Notice: All placeholders must be written in uppercase in scripts. Even if defined otherwise in configuration, replacement only works uppercase. With (sic!) add the end of a placeholder it will be escaped. As an example __DIR__(sic!).


Constants are the basic solution to placeholder replacements. You define placeholders in your config like this:

    <const name="PATH">/var/www</const>

This will then execute

ln -s /var/www


With variables you can use the output of one line shell statements in your scripts.

    <dynamic name="PATH">echo $HOME</dynamic>

The Variables get executed before the actual statement is executed, but you can imagine the outcome to be equivalent to:

ln -s `echo $HOME`


With dotenv you have the ability to load .env-files of your project.


You can also configure multiple paths to .env files.


.env2 overrides .env in this example.







#!/usr/bin/env bash

echo __TEST__


It may be necessary to require a placeholder to be set, but can't set right away. One such example might be a system dependent path. PSH allows you to communicate this to the user by adding this:

    <require name="FOO" description="Foo needs to be a reference to bar"/>

Now unless foo is set, it is not possible to execute any psh script. The description is optional and can be omitted.


If your application depends on files that are not part of your repository because they differ for different systems (Typically *.dist files), you can use templates to achieve automatic deployment of these files.


This reads the contents of templates/consts.tpl, replaces placeholders with constants or variables from your configuration and writes the result to app/consts.php.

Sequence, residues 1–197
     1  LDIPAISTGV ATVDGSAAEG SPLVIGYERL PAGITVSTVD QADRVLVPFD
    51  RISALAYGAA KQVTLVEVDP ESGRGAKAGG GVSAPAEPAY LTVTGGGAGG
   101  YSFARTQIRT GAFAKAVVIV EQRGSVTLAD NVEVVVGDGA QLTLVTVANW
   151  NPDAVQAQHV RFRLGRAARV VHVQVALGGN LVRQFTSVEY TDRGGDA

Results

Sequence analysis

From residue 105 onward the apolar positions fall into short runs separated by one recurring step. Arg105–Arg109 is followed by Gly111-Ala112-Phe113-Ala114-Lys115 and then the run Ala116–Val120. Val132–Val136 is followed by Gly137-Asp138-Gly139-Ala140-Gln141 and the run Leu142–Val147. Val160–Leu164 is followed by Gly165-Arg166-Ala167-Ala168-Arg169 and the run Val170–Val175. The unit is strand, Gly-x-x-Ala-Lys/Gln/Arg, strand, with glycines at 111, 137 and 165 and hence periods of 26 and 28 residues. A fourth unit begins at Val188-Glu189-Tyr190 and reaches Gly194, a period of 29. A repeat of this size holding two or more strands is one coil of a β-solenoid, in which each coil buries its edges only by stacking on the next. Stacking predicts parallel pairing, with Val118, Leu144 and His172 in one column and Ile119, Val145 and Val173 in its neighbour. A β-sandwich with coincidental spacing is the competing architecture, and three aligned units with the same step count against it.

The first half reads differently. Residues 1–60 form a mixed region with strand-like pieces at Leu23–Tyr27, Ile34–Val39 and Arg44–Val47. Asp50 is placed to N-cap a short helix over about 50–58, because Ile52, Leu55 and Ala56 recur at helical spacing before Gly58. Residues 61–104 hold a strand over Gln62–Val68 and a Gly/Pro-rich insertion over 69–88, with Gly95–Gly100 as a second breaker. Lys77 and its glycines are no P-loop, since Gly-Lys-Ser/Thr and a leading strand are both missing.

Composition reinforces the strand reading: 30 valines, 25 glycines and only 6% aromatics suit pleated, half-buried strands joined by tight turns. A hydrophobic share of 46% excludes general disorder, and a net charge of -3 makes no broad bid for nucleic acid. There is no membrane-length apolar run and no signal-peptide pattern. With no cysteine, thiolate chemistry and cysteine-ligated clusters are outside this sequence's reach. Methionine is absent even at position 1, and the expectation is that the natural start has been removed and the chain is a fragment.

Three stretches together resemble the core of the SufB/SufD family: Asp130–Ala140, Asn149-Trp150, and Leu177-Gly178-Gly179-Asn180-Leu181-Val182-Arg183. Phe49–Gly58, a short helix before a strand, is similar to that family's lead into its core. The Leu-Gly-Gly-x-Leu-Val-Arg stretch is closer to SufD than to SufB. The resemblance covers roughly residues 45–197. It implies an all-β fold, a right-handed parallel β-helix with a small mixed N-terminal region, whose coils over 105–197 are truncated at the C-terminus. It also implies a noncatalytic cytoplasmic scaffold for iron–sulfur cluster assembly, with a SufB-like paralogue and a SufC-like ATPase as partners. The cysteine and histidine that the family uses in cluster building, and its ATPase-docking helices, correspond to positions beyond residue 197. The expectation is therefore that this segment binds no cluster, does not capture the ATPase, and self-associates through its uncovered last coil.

It is even possible to use placeholders in template destinations:



Environments are used to extend or overwrite your base configuration. You can add more scripts, redefine or add constants or variables. A environment called foo may look like this:

<environment name="foo">

        <const name="TEST">1</const>
        <dynamic name="ID">id</dynamic>   


This environment loads all scripts from foo/sh/scripts and bar/sh/scripts, adds a constant TEST and a variable ID. If you want to call a script in this environment you have to prefix your call with foo:.

In order to exclude a whole environment from the listing add the hidden attribute to the environment tag and set it to true, like this:

<environment name="internal" hidden="true">

These scripts can be executed like any regular script, they will just not be shown in the listing.


Optionally - and just for fun - you can output a ASCII header in front of every PSH execution.

     ___| |__   ___  _ ____      ____ _ _ __ ___
    / __| '_ \ / _ \| '_ \ \ /\ / / _` | '__/ _ \
    \__ \ | | | (_) | |_) \ V  V / (_| | | |  __/
    |___/_| |_|\___/| .__/ \_/\_/ \__,_|_|  \___|

Overriding configuration file

You can place a .psh.xml.override inside your directory where the .psh.xml is located to override the specific configurations.